1 medium or large zucchini, diced 4 cloves garlic, minced 2 ½ cups tomato sauce (canned or homemade) 1 teaspoon Italian seasoning Salt and pepper Directions Winter Panzanella Preheat oven to 375 degrees. Heat olive oil over medium- with Fresh Mozzarella high heat in a large sauté pan or Dutch oven. Add sausage in small chunks and cook until browned on one side, about one to Ingredients two minutes. Flip with a wooden spatula and brown on other side, breaking sausage chunks into small pieces with the spatula. 4 cups crusty Italian bread, cut into cubes Remove sausage bits with a slotted spoon and tent with foil. 2 pints cherry tomatoes ½ pound fresh mozzarella cheese, cubed Reduce heat to medium and sauté onion until slightly 1 small red onion, halved then sliced thin translucent, about three to five minutes. Add zucchini and sauté 2 tablespoons fresh basil, cut into thin ribbons until soft and lightly browned, about 10 minutes. Add garlic and 3 cloves garlic sauté until fragrant, about a minute. Add tomato sauce, scraping ½ cup olive oil, divided browned bits from the bottom of the pan. Mix in Italian 2 tablespoons balsamic vinegar seasoning and season with salt and pepper according to taste. 1 teaspoon Dijon mustard Return sausage to pan and bring to a simmer. Reduce heat to Salt and pepper low, simmer for five minutes and remove from heat. Directions In a mixing bowl, combine eggs, ricotta, parsley, Parmesan and half of the shredded mozzarella. In a small mixing bowl, whisk together vinegar and mustard. Add ¼ cup oil in a slow, steady stream while whisking to create Add pasta to sauce and mix to an emulsion. Add sliced onion and toss to marinate. combine. Add cheese mixture in spoonfuls and mix just enough to Heat two tablespoons oil in a 12-inch pan over medium-high slightly combine. Spread pasta heat. Add tomatoes and roast until skin starts to blister, about mixture in an even layer in five minutes. Add garlic and sauté for about a minute. Empty a lasagna pan and top with contents of pan into a large mixing bowl and set aside. Return remaining mozzarella. Bake pan to heat and add remaining two tablespoons oil. Add bread until bubbling, about 20 cubes and toast, turning occasionally, for about five minutes. minutes. Garnish with Add to tomatoes and let cool. chopped parsley. Add basil and mozzarella to bowl with tomatoes and bread cubes. Add dressing and onion and toss to combine. Let sit at least 15 minutes before serving. 20 Positively Pennsylvania Winter 2020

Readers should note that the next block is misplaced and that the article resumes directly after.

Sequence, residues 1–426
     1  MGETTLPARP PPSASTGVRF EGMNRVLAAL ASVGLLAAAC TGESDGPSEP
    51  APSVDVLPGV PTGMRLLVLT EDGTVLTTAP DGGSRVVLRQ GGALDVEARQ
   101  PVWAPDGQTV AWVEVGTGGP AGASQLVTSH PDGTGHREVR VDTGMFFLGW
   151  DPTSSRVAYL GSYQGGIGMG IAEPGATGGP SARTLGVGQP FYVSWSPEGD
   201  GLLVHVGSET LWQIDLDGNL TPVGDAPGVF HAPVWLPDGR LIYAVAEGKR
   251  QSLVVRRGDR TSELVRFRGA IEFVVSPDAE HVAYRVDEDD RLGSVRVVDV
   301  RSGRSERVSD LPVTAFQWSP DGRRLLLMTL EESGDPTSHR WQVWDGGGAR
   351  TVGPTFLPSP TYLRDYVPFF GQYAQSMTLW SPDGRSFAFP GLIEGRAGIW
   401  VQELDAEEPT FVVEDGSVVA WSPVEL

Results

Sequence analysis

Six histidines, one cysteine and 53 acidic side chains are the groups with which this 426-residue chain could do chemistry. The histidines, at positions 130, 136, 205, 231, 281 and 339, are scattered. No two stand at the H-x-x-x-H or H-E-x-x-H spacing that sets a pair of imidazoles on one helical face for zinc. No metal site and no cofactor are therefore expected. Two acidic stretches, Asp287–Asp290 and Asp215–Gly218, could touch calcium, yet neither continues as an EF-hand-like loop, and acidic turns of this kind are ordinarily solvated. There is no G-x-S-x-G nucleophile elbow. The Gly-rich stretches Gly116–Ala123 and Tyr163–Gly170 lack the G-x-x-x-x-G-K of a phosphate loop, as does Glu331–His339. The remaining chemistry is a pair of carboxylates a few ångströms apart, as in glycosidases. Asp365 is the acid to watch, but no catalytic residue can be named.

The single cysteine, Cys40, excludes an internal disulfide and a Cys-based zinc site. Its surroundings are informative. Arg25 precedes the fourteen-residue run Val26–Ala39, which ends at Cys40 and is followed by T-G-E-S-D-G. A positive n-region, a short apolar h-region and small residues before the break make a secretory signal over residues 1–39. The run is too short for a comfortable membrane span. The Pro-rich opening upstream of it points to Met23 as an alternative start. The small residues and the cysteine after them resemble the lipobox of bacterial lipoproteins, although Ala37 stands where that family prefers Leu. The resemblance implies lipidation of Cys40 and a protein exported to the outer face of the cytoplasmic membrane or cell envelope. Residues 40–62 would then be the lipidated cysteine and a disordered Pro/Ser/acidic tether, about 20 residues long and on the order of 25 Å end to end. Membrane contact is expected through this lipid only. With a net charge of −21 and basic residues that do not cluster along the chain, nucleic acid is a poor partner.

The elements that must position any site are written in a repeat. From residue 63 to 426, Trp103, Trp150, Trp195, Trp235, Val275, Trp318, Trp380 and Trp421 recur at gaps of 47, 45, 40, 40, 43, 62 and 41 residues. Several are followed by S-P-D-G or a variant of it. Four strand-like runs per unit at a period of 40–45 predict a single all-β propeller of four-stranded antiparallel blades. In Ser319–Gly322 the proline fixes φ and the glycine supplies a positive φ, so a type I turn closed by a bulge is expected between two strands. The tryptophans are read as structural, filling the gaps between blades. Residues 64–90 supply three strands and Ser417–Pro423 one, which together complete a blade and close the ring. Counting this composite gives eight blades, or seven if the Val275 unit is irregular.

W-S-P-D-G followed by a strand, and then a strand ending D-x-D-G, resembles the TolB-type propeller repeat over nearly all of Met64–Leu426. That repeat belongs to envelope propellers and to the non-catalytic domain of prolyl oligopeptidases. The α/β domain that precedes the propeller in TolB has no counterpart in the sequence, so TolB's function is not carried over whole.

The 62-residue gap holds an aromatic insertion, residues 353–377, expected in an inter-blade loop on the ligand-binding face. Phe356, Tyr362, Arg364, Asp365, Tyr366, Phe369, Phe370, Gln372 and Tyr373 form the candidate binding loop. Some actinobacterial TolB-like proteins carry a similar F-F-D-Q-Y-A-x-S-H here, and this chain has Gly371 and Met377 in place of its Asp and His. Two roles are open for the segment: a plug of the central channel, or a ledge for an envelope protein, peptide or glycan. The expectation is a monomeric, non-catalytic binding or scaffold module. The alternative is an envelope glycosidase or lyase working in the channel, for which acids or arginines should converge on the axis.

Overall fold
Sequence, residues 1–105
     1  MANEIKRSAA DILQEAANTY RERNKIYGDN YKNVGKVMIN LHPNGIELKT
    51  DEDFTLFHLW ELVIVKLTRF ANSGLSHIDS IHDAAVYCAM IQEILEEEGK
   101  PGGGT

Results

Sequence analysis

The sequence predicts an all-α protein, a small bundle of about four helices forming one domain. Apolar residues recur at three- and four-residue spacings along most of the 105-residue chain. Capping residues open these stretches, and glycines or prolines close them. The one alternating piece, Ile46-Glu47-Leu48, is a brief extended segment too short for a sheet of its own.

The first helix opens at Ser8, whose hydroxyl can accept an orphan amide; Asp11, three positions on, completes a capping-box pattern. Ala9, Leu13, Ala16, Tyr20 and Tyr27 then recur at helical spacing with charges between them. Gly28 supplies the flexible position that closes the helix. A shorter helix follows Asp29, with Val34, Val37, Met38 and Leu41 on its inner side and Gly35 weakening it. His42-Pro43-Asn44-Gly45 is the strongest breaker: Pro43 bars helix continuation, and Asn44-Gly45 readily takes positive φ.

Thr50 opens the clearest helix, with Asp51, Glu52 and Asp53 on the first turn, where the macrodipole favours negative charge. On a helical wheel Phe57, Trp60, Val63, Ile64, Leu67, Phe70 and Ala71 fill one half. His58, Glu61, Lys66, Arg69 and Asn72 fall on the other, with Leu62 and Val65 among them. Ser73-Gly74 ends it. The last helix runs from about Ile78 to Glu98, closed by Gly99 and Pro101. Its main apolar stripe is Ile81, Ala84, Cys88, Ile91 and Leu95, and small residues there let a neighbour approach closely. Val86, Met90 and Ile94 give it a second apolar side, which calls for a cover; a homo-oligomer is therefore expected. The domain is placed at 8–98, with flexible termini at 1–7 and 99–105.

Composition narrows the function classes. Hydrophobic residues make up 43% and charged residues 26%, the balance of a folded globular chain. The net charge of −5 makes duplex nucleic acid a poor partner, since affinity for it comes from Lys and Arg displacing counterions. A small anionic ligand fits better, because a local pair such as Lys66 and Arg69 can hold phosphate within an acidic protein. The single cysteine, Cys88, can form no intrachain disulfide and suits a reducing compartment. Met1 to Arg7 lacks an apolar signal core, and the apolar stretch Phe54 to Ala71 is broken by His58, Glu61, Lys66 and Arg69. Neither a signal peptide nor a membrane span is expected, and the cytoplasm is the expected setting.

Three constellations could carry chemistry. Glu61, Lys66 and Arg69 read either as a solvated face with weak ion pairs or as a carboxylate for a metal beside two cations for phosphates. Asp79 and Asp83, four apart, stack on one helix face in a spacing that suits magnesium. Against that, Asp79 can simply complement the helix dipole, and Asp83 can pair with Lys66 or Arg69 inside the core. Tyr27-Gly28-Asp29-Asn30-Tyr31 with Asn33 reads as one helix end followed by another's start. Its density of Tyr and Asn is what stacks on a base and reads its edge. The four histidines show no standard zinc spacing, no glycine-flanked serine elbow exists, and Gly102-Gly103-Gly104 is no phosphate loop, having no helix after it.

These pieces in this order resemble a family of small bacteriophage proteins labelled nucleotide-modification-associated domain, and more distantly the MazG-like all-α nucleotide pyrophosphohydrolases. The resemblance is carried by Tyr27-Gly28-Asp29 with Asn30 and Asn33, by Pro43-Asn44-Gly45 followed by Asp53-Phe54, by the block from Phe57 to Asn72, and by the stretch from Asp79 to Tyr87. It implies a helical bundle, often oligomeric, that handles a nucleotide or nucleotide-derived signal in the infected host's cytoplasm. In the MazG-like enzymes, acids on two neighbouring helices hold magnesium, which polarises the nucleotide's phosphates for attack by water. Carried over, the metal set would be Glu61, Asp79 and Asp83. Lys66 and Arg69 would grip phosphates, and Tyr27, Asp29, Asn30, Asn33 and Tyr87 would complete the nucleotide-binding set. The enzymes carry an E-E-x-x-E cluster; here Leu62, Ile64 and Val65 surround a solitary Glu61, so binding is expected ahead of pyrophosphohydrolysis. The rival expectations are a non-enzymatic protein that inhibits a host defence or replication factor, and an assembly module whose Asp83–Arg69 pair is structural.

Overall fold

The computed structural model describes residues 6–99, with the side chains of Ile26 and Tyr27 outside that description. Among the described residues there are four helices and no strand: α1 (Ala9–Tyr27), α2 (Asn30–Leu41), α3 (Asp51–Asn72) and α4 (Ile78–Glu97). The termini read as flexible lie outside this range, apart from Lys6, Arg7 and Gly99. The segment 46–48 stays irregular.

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Moonlighting as Moonshiners Entrepreneurs bring the Hill Distillery has branched out to two County, while nearly all of the flavoring craft spirits movement to new locations, offering special bottles is sourced locally. Pennsylvania’s elk country. of their flavored moonshine near the Elk Country Visitor Center in nearby “Every product in here comes from Story and photos by Darrin Youker Benezette and near Cook Forest—one a farmer,” Meyer said. “We buy a lot of of the most popular state parks. local products.” What does an excavating business, a home builder and a distillery have in Chicken Hill Distillery starts with a Chicken Hill Distillery is clearly common? In the case of Chicken Hill simple product—good old fashioned capitalizing on the tourist trade Distillery, it’s two successful businessmen moonshine—and then mixes in 24 that comes through this region of who used their marketing skills and different flavors. The process turns Pennsylvania to see the state’s elk herd, business acumen to open Elk County’s what can be a potent concoction into a experience the rich forested landscape first distillery. delicious beverage. One of their most and enjoy the miles of hiking trails and popular flavors is apple pie moonshine river bends waiting for exploration. Chicken Hill Distillery is the that tastes just like the real thing. brainchild of Chris Kline and Dan “Our town has about 3,000 people,” Meyer, both of whom also operate “You can taste the butter in our apple Kline said. “We have to market to the separate business ventures in the area. pie,” Kline said. “It’s that realistic.” tourists that are coming through this area However, these two businessmen saw an each week.” opportunity to bring the growing craft Moonshine starts with simple beverage movement to the PA Wilds. ingredients, like corn, which are distilled Kline and Meyer who are related into very potent alcohol. Raw moonshine by marriage, both owned successful “This is my full-time, part-time job,” comes out of the initial distilling process businesses before they ever got into said Kline, a Farm Bureau member. at 190 proof alcohol. Distillers then add making moonshine. Meyer has his own “But, that’s what you have to do to make other ingredients to cut down the proof. construction company, while Kline owns it work.” a stone and mulch yard in Elk County. Chicken Hill Distillery wanted to Since opening in 2018, Chicken use as many local products as possible. Kline and Meyer had owned a The grain comes from nearby Clarion restaurant in Kersey but while the Dan Meyer, left, and Chris Kline pose in business was profitable, the business the tasting room of Chicken Hill Distillery. partners felt like there was a better 22 Positively Pennsylvania Winter 2020 use for the location. Even though the hospitality trade was alive and well in Elk County—including several popular wineries—no one at the time had opened up a commercial distillery. They tapped into the expertise of a local distiller who explained the basics of the process. From there, they started experimenting with different flavors to see what might appeal to customers. They also got a taste of the amount of regulation and oversight goes into the distilling process. Every product needs federal approval, even down to the label. “This was going to be a side job for